Neurodiversity – how to enjoy a career in optics

Matthew Farrugia says becoming a dispensing optician (DO) can be a great choice for people with autism and other conditions

When I was choosing GCSE subjects I didn’t have any idea what I’d like to do. I saw things in black and white. That’s an aspect of my autism (only diagnosed later). My tunnel vision thoughts were “selling glasses, that’s boring. What’s fascinating about choosing them?”. Perhaps because I don’t have a huge interest in fashion. 

After a few years in retail, selling tech and gadgets, I got a job as an optical assistant. I started getting involved with the patients, with lifestyle questionnaires, pre-screening and then dispensing. The more I learnt, the more I wanted to know, and today I’m a successful dispensing optician.

How to find a role 

Neurodiversity (ND) includes a range of conditions, such as autism, ADHD and dyspraxia. Don’t write off any careers just because you are ND. Look at the subjects you enjoy and explore related jobs. If you are determined you can succeed.

Some people find it’s worth trying a part-time role. This gives you time to explore and build trust without the intensity of a full time setting.

Social media is a powerful tool to gain insights and perspectives from people who already work in the area. I love LinkedIn – I got my current job though a contact there. 

If your ND means you have negative thoughts, for every one, find two positives. I had a predominant thought that optics was boring. My positives are: each day is different; this is interesting and I can apply my A level biology and maths. I also get to use sophisticated technology.

How to succeed at work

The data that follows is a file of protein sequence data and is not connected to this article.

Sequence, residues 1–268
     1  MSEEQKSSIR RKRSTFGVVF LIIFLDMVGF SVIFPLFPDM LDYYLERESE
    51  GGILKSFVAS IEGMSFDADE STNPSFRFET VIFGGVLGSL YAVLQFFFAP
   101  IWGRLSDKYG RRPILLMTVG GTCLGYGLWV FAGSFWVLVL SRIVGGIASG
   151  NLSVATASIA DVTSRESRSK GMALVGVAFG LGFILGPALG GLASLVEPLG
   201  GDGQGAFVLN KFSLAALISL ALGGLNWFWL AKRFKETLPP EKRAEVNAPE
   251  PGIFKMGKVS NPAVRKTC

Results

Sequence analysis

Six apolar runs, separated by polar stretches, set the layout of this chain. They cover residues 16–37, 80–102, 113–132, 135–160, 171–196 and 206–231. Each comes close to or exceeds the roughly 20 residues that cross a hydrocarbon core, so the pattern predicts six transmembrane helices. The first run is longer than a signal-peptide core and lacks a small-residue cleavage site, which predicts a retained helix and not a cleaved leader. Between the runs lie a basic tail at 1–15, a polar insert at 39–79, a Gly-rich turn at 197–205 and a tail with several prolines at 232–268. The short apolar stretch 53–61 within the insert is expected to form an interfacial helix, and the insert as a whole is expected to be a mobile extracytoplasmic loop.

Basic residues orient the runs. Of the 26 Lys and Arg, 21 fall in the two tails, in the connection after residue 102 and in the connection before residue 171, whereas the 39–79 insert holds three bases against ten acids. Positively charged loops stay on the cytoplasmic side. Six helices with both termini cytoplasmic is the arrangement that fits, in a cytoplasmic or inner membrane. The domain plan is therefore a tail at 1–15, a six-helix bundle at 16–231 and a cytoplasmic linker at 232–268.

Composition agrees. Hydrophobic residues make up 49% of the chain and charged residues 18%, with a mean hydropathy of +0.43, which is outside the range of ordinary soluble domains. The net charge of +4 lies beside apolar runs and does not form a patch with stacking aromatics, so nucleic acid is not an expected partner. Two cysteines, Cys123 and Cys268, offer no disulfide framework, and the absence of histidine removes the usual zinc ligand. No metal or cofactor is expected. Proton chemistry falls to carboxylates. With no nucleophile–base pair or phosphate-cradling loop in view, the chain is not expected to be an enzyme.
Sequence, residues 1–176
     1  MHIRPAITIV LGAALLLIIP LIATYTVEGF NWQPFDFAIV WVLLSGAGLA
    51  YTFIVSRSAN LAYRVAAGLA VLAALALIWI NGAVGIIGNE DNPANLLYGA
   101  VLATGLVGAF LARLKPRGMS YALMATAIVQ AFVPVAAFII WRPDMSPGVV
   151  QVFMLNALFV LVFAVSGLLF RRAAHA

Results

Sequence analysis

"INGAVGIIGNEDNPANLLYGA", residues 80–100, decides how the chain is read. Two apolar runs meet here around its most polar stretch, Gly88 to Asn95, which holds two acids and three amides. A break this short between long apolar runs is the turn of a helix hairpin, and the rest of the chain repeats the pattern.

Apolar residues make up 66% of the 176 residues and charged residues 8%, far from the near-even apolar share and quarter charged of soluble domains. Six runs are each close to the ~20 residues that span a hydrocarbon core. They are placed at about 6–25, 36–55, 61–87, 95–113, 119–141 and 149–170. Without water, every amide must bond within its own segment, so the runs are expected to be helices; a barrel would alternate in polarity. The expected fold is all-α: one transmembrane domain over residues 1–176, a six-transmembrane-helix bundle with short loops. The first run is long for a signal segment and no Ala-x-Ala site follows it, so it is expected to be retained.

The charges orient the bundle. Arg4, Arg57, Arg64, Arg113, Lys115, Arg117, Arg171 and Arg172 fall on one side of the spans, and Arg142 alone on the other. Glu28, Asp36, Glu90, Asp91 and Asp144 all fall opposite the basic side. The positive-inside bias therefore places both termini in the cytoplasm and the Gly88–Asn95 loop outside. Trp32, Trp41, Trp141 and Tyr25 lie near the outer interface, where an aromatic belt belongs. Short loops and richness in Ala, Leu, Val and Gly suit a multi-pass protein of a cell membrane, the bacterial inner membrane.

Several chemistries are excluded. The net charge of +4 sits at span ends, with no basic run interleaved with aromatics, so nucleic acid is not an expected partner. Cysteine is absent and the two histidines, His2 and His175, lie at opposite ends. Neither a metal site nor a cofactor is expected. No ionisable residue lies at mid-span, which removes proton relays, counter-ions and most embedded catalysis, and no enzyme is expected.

• Don’t overthink it. Your definition of success will be different to your friends.
  • Are you ready to share that you are neurodiverse? Remember, you are protected against discrimination by the Equality Act 2010. 
  • It can be worth discussing this in confidence with your line manager. I told my practice manager because we had built trust. I had a preconception that others may think I use it as an excuse but that wasn’t the case. 
  • Understand your own neurodiversity, how it affects you, what happens and how you can manage it. For instance, if too much noise makes your head spin and affects your focus, go into a quieter room and take deep breaths.
  • If you are open about it, have conversations with people  you work with.
  • Be receptive to other people’s perspectives and opinions – they too may be neurodiverse.
  • Find out your learning style and how you can reflect this at work. I’m kinesthetic, followed closely by visual. I adapted the reading and writing aspect of the DO course, using diagrams, mind clouds and keywords.

I’ve never told anyone this before but I used to lack confidence, especially at school. Later on, studying to become a DO, I doubted my measurements. My ABDO practical lecturer told me: “Don’t doubt yourself, just practise and the confidence will come”. Now I am a confident, neurodiverse DO with a career I have a passion for, who can ask for help or advice when I need it.

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